My airplane reading for today:

• ‘Fortune 500′ of 1812 Shows U.S. Banks’ Early Influence (Bloomberg)
• Are speculators behind high oil and gasoline prices? (McClatchy)
• The inevitability of shadowy banking (and how to regulate it) (Alphaville) see also Profit Drop at U.S. Banks Imperils Rally (Bloomberg)
• Top Concerns From Regulatory Compliance Associates: Pay-to-Play, Form PF, Social Media (Advisor One)
• How Instagram founder Kevin Systrom became insta-rich (LA Times) see also Facebook Plays Offense and Defense in a Single Deal (NYT)
• Anti-Theft Effort May Boost iPhone Resales (SmartMoney)
• Microsoft quietly buys Netscape browser technology (Slash Gear)
• Google’s Washington Night (NYT)
• A Start-Up Rethinks the Process of Getting a Trademark (NYT)
• Future TechStars, Step Forward (Inc.)

What are you reading?


On Jobs, No Time for a Celebratory Beveridge

Source: WSJ

Category: Financial Press

Please use the comments to demonstrate your own ignorance, unfamiliarity with empirical data and lack of respect for scientific knowledge. Be sure to create straw men and argue against things I have neither said nor implied. If you could repeat previously discredited memes or steer the conversation into irrelevant, off topic discussions, it would be appreciated. Lastly, kindly forgo all civility in your discourse . . . you are, after all, anonymous.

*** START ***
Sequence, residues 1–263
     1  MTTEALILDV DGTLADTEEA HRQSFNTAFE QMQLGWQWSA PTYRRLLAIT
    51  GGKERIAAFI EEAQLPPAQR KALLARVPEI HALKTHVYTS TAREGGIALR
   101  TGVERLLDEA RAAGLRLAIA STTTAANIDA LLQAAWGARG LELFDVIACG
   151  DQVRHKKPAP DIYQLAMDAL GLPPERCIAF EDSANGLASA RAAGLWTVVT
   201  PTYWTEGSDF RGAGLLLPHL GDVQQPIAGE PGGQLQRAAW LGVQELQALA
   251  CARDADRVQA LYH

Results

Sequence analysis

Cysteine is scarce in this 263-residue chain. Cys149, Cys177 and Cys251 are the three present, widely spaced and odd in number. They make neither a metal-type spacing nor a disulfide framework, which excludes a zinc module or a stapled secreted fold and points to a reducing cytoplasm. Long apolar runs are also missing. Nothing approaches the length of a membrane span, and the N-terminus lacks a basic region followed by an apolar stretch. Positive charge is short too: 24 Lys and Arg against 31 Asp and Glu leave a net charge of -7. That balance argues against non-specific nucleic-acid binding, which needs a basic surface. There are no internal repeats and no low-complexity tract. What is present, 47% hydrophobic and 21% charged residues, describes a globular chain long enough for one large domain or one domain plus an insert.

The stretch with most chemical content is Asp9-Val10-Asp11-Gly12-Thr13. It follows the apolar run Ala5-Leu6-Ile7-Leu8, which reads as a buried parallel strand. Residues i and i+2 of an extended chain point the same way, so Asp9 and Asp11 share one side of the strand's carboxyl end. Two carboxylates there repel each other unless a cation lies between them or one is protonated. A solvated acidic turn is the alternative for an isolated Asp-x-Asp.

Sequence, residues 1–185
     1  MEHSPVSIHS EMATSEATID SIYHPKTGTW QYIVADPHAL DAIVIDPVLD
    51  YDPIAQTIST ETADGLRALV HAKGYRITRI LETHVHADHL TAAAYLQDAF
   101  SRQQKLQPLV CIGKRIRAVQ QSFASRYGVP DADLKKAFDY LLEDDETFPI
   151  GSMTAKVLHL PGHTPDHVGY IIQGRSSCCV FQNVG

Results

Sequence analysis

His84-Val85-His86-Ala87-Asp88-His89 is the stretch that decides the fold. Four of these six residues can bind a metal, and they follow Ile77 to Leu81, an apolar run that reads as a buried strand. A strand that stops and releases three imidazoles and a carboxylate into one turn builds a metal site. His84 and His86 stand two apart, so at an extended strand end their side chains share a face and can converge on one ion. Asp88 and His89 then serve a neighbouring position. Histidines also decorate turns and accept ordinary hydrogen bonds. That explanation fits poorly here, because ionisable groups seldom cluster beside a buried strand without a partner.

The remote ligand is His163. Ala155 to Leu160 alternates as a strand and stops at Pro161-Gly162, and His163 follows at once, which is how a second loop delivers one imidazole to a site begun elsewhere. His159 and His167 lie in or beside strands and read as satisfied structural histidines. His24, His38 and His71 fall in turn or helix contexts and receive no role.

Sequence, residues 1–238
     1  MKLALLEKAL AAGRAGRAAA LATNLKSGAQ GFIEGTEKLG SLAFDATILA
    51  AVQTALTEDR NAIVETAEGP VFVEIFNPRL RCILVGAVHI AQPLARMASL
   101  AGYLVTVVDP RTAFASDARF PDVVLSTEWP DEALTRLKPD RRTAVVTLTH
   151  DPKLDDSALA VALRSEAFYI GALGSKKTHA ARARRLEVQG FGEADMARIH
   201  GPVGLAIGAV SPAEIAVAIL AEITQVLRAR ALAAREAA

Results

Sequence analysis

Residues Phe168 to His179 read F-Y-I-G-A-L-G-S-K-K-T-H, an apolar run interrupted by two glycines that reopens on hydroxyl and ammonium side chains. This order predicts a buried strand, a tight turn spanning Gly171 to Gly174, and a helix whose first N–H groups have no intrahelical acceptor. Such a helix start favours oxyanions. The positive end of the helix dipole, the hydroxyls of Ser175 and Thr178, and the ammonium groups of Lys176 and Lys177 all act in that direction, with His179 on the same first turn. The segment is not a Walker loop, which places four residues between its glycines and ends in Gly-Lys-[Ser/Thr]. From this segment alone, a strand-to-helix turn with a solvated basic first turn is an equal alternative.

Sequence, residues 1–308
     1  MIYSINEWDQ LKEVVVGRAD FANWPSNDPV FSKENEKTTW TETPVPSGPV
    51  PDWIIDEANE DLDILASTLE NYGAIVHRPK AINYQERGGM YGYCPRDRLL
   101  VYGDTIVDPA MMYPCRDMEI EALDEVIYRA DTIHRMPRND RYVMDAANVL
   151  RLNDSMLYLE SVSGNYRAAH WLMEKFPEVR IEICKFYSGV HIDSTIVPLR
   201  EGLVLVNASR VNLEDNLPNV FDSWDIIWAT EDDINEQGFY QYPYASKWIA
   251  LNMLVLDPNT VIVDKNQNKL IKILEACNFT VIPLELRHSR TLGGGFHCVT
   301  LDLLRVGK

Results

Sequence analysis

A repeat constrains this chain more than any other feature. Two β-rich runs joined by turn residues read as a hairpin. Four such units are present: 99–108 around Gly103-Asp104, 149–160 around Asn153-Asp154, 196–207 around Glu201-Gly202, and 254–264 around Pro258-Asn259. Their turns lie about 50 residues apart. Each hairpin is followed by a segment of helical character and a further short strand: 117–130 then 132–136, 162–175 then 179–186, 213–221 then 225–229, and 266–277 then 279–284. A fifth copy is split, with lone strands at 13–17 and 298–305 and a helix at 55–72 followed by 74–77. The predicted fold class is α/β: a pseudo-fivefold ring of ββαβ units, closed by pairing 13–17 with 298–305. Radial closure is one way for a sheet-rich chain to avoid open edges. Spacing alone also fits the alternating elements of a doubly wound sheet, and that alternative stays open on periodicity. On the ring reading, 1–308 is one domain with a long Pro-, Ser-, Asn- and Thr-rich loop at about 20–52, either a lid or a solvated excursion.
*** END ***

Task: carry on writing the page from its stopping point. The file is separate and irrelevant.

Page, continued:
14 Responses to “10 Mid-Week PM Reads”

  1. willid3 says:

    more of the same from mortgage servicer s and banks??

  2. willid3 says:

    i suspect that speculators are very much the cause of gas prices being so high. after all, there is a huge drop in demand (almost %8 from last year). and while there is almost a million barrels offline (or close), its in a 90 million barrel a day market. so how does 1/90 of the market drive the rest so much? and we have more than a few refineries that are being closed because of a lack of demand. and that pipeline they want to build? is going to Houston. a port. how will that help? the main reason the east coast has high gas prices is they get a lot of it from Brent sea oil field. which is more expensive than almost any other oil. and that oil is already being exported to the US already. its just going to the Dakotas. where gas prices are really low.

  3. mathman says:

    Clear evidence that education has gone off the deep end in some places (to be conservative):

    “Two years after state hit by warming-enhanced 1000-year deluge, bill to ‘teach the controversy’ on evolution and global warming becomes law”

    (from the article)

    “On Tuesday, Tennessee adopted a law “to prevent school administrators from reining in teachers who expound on alternative hypotheses” to the scientific theories of evolution and climate change.

    The National Center for Science Education has said of the primary alternative to evolution — creationism — that “students who accept this material as scientifically valid are unlikely to succeed in science courses at the college level.”